One response that will probably be universal among viewers of the film is that snowflakes are beautiful. What is the purpose of beauty? Why do we respond to it? Why do we recognize it? Beauty in nature seems gratuitous or unnecessary; life could exist without it. As the film says, snow could perform its roles for the planet without the crystalline beauty of snowflakes. Our aesthetic sense is a gut-level, heartfelt response to design that judges between things that are ugly and things that are beautiful. Aesthetics is one of the three main branches of philosophy: What exists? (ontology) How do we know what we know? (epistemology). What is good, true and beautiful? (aesthetics). While concluding design in snowflakes from aesthetics alone may not be as robust an inference as the Design Filter can provide, it is adequate for the soul.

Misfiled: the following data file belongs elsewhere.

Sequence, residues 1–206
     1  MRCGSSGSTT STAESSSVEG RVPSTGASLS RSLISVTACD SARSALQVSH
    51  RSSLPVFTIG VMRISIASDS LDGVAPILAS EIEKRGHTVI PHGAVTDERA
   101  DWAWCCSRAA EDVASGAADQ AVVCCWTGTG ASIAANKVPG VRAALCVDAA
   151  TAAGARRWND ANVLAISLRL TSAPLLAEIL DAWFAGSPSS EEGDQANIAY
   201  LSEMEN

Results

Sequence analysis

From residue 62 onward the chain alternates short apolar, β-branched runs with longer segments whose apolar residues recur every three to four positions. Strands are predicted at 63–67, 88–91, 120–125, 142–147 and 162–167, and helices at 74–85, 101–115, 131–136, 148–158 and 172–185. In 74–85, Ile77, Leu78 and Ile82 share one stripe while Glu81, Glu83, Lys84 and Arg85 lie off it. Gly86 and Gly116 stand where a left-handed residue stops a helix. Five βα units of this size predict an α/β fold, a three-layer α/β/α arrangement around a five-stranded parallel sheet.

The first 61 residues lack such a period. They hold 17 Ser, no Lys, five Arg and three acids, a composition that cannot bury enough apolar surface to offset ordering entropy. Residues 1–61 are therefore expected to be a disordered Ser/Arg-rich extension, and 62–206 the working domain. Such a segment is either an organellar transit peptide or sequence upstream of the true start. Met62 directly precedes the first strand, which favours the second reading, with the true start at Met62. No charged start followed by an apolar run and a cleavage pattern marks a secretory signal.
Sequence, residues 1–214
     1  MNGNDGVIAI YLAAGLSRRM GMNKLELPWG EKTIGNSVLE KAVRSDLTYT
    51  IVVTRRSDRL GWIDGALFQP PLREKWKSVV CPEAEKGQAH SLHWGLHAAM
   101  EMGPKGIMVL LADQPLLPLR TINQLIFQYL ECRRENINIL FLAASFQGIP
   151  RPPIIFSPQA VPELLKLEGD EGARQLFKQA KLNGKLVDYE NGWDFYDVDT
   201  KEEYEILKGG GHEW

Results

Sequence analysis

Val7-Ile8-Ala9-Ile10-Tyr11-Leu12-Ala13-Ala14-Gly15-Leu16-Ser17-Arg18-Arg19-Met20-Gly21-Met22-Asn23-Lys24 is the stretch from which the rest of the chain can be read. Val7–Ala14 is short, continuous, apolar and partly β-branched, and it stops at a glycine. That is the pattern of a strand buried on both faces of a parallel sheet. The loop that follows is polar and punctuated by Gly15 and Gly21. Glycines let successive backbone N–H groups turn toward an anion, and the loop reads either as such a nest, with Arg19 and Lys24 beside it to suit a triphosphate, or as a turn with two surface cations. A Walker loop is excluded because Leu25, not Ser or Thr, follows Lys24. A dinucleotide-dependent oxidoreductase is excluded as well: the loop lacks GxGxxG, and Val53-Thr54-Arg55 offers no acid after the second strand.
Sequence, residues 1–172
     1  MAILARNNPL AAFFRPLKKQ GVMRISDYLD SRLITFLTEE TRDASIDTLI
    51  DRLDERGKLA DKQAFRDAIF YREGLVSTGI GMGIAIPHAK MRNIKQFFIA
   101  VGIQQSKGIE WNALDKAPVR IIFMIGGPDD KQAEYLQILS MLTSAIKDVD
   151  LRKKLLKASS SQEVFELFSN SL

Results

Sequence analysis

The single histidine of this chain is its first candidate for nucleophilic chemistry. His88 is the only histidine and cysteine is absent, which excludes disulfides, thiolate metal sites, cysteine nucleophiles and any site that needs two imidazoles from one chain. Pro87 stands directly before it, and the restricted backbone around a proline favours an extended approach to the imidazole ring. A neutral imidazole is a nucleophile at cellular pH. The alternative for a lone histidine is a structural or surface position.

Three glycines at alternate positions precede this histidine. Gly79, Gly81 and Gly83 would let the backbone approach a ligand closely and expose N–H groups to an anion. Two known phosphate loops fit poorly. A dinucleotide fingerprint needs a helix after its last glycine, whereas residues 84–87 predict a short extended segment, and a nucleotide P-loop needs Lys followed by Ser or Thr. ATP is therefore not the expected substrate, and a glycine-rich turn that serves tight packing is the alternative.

In short, all three methods of design inference can be found in the beautiful film above, The Jewels of Winter. And best of all, it ends with the testimony of the Creator God who revealed his role in creating the “treasures of the snow” in his Word. There’s no better evidence than that!
Praise the Lord from the earth, you great sea creatures and all deeps, fire and hail, snow and mist, stormy wind fulfilling his word! —Psalm 148:7-8
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*Denton takes a philosophical view called structuralism, which posits that the initial conditions of the universe were set up in such a way to allow for the evolution of stars, planets, and complex life. How they were set up he doesn’t know; perhaps it was by intelligent design, or perhaps it’s just “the way nature is” intrinsically. Since his view excuses all the problems of big-bang-to-man evolution, we do not endorse his philosophical view and caution against being deceived by it. His books are very good, though, for pointing out the amazing coincidences that make complex life possible. He admits he finds these coincidences “absolutely astonishing.”